She’s never been to school in her life. She doesn’t know what year she was born and thus, doesn’t know how old she is. For years, she never came down from the mountains in which she lived. She never learned Spanish, nor to read or write. She only speaks Quechua. She’s been told by some of the men in her life that she shouldn’t be learning about her body. Her name is Exaltación, and she is one of the 9 community health workers in Ayni Wasi/ Sacred Valley Health’s Women’s Health Program.
Having never been to school before, Exaltación has to work much harder to learn the curriculum material for the Women’s Health Program than most of the other promotoras.
On top of that, there are people in her community of T’Astayoc who have told her that, because she is a woman, she shouldn’t be a community health worker/educator, because it’s “a man’s job to teach the women, not the other way around.” Even some women have told her this. But despite these challenges, she adamantly keeps working as hard as she can to learn the material, while also raising her children, and tending to her sheep and alpacas.
For Exaltación, the day starts at 4:30am, when the sky is still a dark shade of blue and the fog brushes around the jagged edges of the glacier “Wilka Weqe,” also known as Veronica. Exaltación brings in the wood she chopped the night before for the fire which will heat the pots that will cook the soup and boil the potatoes. She’ll then clean out the ash from last night’s fire and dump it out outside. The home has no windows and no typical door but rather wood slats to place over the doorway that they use to keep the dogs out and the guinea pigs in, and to keep some of the warmth in. They’ve put no flooring over the earth, so inside the home, it’s just an extension of the beauty that lies just out the front door.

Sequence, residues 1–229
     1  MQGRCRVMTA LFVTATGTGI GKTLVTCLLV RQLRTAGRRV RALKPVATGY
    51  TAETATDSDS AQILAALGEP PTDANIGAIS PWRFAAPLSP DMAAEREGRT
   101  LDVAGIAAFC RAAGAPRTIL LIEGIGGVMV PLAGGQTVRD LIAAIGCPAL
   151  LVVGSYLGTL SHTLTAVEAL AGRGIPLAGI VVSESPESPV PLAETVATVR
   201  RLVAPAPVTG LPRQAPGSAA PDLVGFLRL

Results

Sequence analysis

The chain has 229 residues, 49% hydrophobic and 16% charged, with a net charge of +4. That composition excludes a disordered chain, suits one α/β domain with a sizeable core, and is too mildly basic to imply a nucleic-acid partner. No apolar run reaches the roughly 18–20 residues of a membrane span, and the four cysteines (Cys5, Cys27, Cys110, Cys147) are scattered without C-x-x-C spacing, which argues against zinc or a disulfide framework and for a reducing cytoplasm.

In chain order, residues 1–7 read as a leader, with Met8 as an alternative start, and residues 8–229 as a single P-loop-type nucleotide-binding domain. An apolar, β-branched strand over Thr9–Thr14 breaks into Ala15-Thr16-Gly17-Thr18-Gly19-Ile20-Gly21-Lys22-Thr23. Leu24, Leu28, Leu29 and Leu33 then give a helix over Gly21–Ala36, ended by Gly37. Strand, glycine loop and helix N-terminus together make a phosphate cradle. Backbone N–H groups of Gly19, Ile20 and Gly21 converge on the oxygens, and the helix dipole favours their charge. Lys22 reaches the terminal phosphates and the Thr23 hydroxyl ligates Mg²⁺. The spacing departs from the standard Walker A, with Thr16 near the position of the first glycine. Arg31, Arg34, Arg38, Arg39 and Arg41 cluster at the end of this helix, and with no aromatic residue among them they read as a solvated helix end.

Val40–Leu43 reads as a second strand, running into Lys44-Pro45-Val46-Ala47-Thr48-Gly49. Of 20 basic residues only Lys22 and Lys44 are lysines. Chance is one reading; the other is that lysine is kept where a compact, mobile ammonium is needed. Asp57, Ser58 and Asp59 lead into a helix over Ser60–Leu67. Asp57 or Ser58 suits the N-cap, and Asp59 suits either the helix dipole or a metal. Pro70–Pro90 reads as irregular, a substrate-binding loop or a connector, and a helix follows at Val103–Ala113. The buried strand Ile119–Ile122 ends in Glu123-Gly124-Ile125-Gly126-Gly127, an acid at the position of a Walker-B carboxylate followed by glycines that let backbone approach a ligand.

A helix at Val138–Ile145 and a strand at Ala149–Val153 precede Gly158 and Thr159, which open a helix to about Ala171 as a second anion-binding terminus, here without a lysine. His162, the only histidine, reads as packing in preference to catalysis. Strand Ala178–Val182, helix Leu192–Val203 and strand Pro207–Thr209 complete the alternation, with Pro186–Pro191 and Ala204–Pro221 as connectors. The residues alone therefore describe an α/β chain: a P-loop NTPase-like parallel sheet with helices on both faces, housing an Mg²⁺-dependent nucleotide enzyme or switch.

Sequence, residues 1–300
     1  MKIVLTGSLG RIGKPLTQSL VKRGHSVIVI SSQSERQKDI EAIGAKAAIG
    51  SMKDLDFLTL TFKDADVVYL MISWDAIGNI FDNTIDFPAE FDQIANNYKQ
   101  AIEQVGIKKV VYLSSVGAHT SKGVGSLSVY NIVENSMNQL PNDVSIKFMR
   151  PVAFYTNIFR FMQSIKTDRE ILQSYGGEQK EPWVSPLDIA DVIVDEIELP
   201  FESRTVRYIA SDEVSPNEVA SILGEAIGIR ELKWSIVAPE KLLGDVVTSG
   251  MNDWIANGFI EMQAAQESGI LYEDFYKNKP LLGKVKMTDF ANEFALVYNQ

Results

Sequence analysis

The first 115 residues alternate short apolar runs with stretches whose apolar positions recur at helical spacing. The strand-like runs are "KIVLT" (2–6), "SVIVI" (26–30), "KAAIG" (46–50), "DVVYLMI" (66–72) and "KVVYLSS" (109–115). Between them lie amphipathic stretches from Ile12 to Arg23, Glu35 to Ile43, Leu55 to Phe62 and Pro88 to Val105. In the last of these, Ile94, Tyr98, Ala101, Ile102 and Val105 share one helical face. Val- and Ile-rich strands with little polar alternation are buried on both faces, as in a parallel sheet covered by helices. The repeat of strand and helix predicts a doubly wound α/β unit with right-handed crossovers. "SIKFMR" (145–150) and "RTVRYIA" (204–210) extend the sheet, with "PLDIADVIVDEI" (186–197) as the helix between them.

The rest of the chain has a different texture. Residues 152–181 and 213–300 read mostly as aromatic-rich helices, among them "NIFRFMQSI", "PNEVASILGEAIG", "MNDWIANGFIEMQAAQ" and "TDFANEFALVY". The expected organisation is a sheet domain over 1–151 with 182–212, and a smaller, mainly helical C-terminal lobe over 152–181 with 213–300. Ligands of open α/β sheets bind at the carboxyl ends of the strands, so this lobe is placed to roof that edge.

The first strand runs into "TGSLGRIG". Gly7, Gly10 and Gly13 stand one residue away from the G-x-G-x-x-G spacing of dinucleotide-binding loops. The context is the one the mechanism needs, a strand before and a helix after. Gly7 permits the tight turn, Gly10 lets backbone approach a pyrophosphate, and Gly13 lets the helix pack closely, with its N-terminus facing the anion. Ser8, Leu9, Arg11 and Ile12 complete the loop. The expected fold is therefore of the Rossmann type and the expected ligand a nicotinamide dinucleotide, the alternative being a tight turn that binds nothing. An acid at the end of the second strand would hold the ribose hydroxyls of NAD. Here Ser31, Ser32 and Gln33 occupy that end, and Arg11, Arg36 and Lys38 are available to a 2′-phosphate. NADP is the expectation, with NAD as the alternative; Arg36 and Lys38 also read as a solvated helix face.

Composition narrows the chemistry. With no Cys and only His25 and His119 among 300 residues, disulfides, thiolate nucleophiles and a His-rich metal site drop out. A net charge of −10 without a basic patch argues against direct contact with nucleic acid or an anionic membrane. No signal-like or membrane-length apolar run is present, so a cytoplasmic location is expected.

“I almost quit the program,” Exaltación tells Bertha in Quechua. “It was hard, especially considering the fact that I never went to school.” She adds that Escolástica, the Ayni Wasi Program Director, encouraged her to stick with the program, even though it's a challenge.
In the Sacred Valley of the Incas, just 20 miles (32 km) southeast of world famous Machu Picchu, 39 women are fighting back against a patriarchal system. They are becoming leaders within their communities where they otherwise wouldn’t be able to. At the same time, they are addressing a critical lack of basic health knowledge in their communities.
The majority of the people who live in these communities only speak Quechua, an indigenous language descendant from the Incas. Most people work as farmers or artisanal weavers. Access to quality healthcare is essentially unattainable. You can seldom find accurate knowledge of basic health care topics such as wound-care or how to prepare a well-balanced meal, for example.
As a result, more than three dozen women, many of whom stopped receiving a formal education in grade school, are itching to branch out of their narrowly defined roles as women. They want to keep learning in a formal setting. They want the opportunity to be leaders in their communities.